4. Next, in the same oil, sauté onion, green bell pepper, and celery (they call this the holy trinity in Louisiana) until soft and tender, then add the sausage and chicken back in the pot.
  5. Pour all the roux on top of the mixture and let it warm up with everything. Stir to coat.
  6. Add the 8 cups of chicken broth on top, stirring to get it all combined. Add cayenne pepper and bay leaves, as well as salt and pepper, to taste.
  7. Bring mixture to a boil then let it simmer for 2-3 hours, stirring occasionally.
  8. Half an hour prior to finishing and serving, whisk in file powder then continue to let it simmer.
  9. Serve over bed of white rice.
  10. Store in airtight containers in the fridge or freeze for later.

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41 COMMENTS

  1. 12/10/2012 at 8:06 am

    I’m so craving this! We’re working New Orleans into our honeymoon trip solely for the food! I want to bathe in gumbo!

  2. Mai Nguyen
    12/10/2012 at 8:19 am

    I am definitely going to try this. My favorite cajun restaurant closed down and I seriously miss their gumbo! Thanks for sharing the family recipe. (:

  3. 12/10/2012 at 8:40 am

    That gumbo looks AMAZING!

  4. 12/10/2012 at 8:56 am

    This does look amazing Julie and I bet it tastes even better!

  5. 12/10/2012 at 8:59 am

    Damn. Woman, this is ah.may.zing! I have needed a great recipe for gumbo. THANK YOU!

  6. 12/10/2012 at 9:32 am

    good grief, you’re the roux queen! that looks like chocolate fudge. and now I want this for dinner. want to bring some over? :)

  7. 12/10/2012 at 9:45 am

    Wow, that roux looks insane! But that’s how you know that this is gonna taste killer. Looks amazing and a fav dish of mine!!

  8. 12/10/2012 at 9:47 am

    Yeah buddy!! Now, that’s a sexy looking roux! My in-laws are from the South and had to teach me the ways of making roux. It really is that labor intensive! BUT. It’s totally worth it because you get these amazing dishes like gumbo!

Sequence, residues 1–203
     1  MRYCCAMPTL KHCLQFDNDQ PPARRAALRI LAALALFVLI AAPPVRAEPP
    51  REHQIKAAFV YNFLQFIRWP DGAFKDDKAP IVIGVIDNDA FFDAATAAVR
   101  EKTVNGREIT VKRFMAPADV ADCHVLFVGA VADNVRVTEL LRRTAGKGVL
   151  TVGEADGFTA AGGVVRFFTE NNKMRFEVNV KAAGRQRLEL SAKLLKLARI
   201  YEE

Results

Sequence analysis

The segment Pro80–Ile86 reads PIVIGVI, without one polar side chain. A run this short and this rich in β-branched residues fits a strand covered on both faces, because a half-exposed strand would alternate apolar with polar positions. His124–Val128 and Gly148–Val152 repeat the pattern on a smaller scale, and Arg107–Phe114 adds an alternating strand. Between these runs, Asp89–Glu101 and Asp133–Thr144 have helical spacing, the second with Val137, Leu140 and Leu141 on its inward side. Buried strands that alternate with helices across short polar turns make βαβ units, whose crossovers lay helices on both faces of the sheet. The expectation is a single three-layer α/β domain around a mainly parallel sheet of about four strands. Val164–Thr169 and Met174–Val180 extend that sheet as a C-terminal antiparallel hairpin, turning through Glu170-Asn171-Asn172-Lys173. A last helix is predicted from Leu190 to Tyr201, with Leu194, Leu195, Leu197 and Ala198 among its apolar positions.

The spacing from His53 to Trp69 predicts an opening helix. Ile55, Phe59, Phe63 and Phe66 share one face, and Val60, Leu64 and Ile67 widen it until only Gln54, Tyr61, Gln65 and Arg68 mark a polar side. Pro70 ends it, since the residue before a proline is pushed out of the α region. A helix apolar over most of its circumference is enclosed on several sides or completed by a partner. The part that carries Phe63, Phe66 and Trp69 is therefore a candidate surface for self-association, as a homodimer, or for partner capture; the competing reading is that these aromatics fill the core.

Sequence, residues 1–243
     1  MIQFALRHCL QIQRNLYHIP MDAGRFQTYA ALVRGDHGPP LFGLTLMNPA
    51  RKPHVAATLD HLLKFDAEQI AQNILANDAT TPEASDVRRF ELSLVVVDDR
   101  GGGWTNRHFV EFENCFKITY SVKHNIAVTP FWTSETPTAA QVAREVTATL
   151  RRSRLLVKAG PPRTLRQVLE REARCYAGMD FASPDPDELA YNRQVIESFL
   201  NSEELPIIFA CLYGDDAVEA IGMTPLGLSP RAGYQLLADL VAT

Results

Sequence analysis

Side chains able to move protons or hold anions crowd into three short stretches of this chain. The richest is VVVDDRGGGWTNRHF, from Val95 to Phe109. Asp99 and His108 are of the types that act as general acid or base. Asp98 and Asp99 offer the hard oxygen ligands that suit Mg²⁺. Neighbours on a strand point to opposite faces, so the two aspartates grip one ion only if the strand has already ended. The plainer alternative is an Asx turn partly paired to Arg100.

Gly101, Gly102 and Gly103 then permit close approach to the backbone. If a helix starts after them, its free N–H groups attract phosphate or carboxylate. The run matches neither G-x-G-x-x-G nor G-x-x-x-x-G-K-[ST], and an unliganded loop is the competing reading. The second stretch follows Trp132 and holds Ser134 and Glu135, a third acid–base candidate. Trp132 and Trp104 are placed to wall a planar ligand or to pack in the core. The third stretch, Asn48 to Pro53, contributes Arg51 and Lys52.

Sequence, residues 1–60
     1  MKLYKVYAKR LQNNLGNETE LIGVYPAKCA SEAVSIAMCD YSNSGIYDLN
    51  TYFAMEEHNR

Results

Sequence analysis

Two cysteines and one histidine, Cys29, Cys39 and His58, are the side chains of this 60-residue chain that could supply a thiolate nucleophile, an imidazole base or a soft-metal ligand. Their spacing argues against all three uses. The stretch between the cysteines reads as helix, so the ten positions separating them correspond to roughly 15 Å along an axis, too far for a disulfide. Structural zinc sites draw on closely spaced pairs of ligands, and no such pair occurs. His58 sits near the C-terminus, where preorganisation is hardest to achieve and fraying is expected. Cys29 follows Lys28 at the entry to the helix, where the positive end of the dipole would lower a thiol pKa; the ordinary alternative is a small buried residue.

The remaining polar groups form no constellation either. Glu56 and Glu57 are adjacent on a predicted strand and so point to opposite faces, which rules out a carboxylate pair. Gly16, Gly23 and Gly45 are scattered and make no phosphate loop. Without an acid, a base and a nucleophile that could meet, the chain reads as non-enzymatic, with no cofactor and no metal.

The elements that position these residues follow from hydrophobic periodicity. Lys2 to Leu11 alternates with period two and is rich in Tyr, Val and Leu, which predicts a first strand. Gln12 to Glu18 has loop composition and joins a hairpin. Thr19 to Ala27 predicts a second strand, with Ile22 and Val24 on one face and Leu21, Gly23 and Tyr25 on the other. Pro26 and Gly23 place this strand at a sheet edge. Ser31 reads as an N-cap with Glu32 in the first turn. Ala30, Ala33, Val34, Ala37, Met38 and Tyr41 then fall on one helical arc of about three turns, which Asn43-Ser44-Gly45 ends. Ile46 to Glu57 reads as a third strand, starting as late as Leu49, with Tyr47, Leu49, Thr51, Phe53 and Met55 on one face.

9. 12/10/2012 at 9:50 am

    Okay Julie… I’m on my way over… save me a bowl or three. ;)

  10. 12/10/2012 at 10:47 am

    the perfect recipe to break in my new crockpot. I adore this Julie. :) I love the step-by-step photos! Those are hard for me to shoot – I bake mostly on Friday nights (i’m a dork) and when I bake on Saturday mornings, I am rushing around too much to snap photos. I appreciate them and I know your readers will too!

  11. 12/10/2012 at 11:22 am

    I ADORE gumbo! We have a restaurant nearby that has the best gumbo, but I’ve always wanted to make it on my own and just that picture of that chocolate-colored, smoky roux alone is making me race to the store to buy everything right this second! Holy heck, this looks amazing!!

  12. 12/10/2012 at 12:50 pm

    Yeaaaah if you could just find a way to get this into my mouth, that’d be cool.

  13. 12/10/2012 at 1:51 pm

    Sometimes the most labor intensive recipes turn out the best which looks like the case in this gumbo. I can’t wait to make this!

  14. 12/10/2012 at 2:00 pm

    Mmm, I can’t remember the last time I had gumbo! This looks fantastic!

  15. 12/10/2012 at 2:34 pm

    Gumbo is such a comforting meal – looks amazing!

  16. 12/10/2012 at 2:39 pm

    Like I mentioned on twitter, this recipe is pretty much spot on to my mom’s recipe and how she makes gumbo. We do same version with roux whether we do chicken & sausage or seafood gumbo. We usually reserve seafood gumbo for Christmas Eve or during Lent, or a special occasion. I’ll give a secret for when you are in a pinch, though, for roux- you can BUY jarred roux that is pretty close to homeade (if you want to make a quick pot of gumbo instead of slaving over the stove for 4 hours) my mom uses it sometimes and so do I. If you need some, I can send you a jar (it lasts a long time, too)

    Also, you can tell a lot about where a person is from in Louisiana by how they take their gumbo. Some add their file to the rice first, some add okra to thicken, some people boil eggs in their gumbo (my mom does this for extra protein and to make it go further) and some people serve their gumbo over potato salad instead of rice. A good gumbo recipe is passed down through generations and its value is clearly evident! :)

    SPeaking of, the weather down here in Louisiana today is PRIME “gumbo weather” Ask your SIL all about “gumbo weather” :) It’s an expression down here in Louisiana!

  17. 12/10/2012 at 2:40 pm

    This looks delicious! A perfect dish for the cold weather.

  18. 12/10/2012 at 3:45 pm

    (Future SIL here!)
    Looks awesome, Julie! You really did justice to our family recipe! And like Andie said, today is one of the first good “gumbo weather” days here in south Louisiana so this is really making me want to whip out my gumbo pot and go for it. :)